Unlike other more regulated trades such as auto mechanics, or electricians, you generally do not require any special training or minimum skill set in order to be considered a "pool builder". This has resulted in an industry-wide lack of congruency in terms of technical process. Each pool company develops an in-house method for building pools. This makes the industry as a whole very volatile as you never know what the last guy who worked on the pool did - which results in very difficult to plan for situations. Combine this with the fact that building a swimming pool is actually a fairly technical process involving multiple trades such as masonry, forming and framing, plumbing, electrical, steel working and design - also combined with chemistry for water balancing. Most cases where pool guys are thought to be scam artists, they are actually just under qualified, or simply not qualified, for the work that you are paying them to do. Just like with other trades there are workers who have the bare minimum level of knowledge and there are those that dedicate to learning as much as they can about the industry that they operate in - if you meet with a prospective pool builder that you would not trust to wash your car properly then you should probably keep interviewing more builders!
Chlorine Is Bad For Your Health
Looking for an alternative to chlorine? How about being dead? There is a very good reason why chemical sanitizers are used in swimming pools and hot tubs. While
chemicals are certainly not good for you in many cases and it is very understandable that you would want to limit your exposure to harmful chemicals, it is important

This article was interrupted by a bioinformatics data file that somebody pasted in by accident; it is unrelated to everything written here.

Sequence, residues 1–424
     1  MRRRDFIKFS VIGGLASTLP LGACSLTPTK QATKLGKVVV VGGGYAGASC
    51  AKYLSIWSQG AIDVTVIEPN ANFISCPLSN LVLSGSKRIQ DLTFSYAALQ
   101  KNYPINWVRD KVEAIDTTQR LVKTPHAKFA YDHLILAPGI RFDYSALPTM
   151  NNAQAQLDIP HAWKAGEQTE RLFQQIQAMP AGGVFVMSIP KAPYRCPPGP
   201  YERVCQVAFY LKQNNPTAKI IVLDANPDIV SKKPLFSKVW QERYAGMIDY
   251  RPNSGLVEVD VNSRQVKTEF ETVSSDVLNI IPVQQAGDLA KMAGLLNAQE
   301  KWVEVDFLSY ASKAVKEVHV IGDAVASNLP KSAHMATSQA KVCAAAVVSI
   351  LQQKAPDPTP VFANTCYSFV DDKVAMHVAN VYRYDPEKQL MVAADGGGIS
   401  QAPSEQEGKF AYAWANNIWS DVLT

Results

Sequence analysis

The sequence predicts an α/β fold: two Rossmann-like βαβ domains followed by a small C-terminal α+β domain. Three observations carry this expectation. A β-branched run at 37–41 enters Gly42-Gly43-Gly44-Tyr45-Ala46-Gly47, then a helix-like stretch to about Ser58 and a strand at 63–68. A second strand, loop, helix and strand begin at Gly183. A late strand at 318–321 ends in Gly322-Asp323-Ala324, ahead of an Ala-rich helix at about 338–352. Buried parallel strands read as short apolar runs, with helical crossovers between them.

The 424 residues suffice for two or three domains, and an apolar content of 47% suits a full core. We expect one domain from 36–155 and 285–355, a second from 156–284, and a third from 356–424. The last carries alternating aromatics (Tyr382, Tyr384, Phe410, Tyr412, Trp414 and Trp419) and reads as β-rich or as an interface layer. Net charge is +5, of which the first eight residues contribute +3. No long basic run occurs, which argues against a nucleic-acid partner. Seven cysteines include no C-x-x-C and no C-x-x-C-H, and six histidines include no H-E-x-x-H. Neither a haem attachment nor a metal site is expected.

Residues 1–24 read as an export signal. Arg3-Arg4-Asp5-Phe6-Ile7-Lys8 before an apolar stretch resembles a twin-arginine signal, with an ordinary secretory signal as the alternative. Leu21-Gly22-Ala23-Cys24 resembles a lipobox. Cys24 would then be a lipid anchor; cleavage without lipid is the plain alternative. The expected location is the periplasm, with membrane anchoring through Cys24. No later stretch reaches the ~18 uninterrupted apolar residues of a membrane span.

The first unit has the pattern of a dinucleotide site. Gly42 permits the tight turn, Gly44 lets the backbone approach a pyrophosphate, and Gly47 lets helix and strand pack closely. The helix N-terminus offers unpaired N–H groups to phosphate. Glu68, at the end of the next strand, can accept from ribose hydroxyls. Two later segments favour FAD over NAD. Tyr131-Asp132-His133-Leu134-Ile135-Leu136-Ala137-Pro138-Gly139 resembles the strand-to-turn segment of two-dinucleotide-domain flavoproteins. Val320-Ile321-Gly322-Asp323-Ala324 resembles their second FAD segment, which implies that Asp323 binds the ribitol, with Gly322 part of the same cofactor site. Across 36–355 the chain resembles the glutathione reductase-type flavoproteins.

to recognize that for the most part chlorine is not one of those. While chlorine is a harsh chemical, and in concentrated doses can be lethal, it is also safe enough
to drink...literally. This is why chlorine (and more recently chloramines) are the sanitizer of choice for municipal drinking water. In monitored levels it can
provide a fair margin of safety over untreated water which is something that you absolutely want.
In February 1999 in Bovenkarspel Netherlands there was a home show / fair exhibition that included a hot tub that was set up on display for 9 days. At the conclusion of the nine days (following the in-depth investigation) that hot tub was responsible for 319 confirmed cases of Legionnaires disease and the deaths of 32 people (more deaths were suspected but not able to be proven). It is important to note that in this case the people to get sick did not actually use the hot tub - Legionnaires disease is airborne and the majority of people who fell ill either touched the water with their hands or simply walked by its location!. Chlorine sanitizer plays an incredibly important part in safe swimming water. Using things like a UV system or an ozone generator can reduce your need for chlorine but you should still have at minimum 1 ppm of free chlorine in your water at all times. Even 1 ppm of chlorine is not enough to say that the water is "safe" but the vast majority of dangerous bacteria and pathogens will be killed at this level.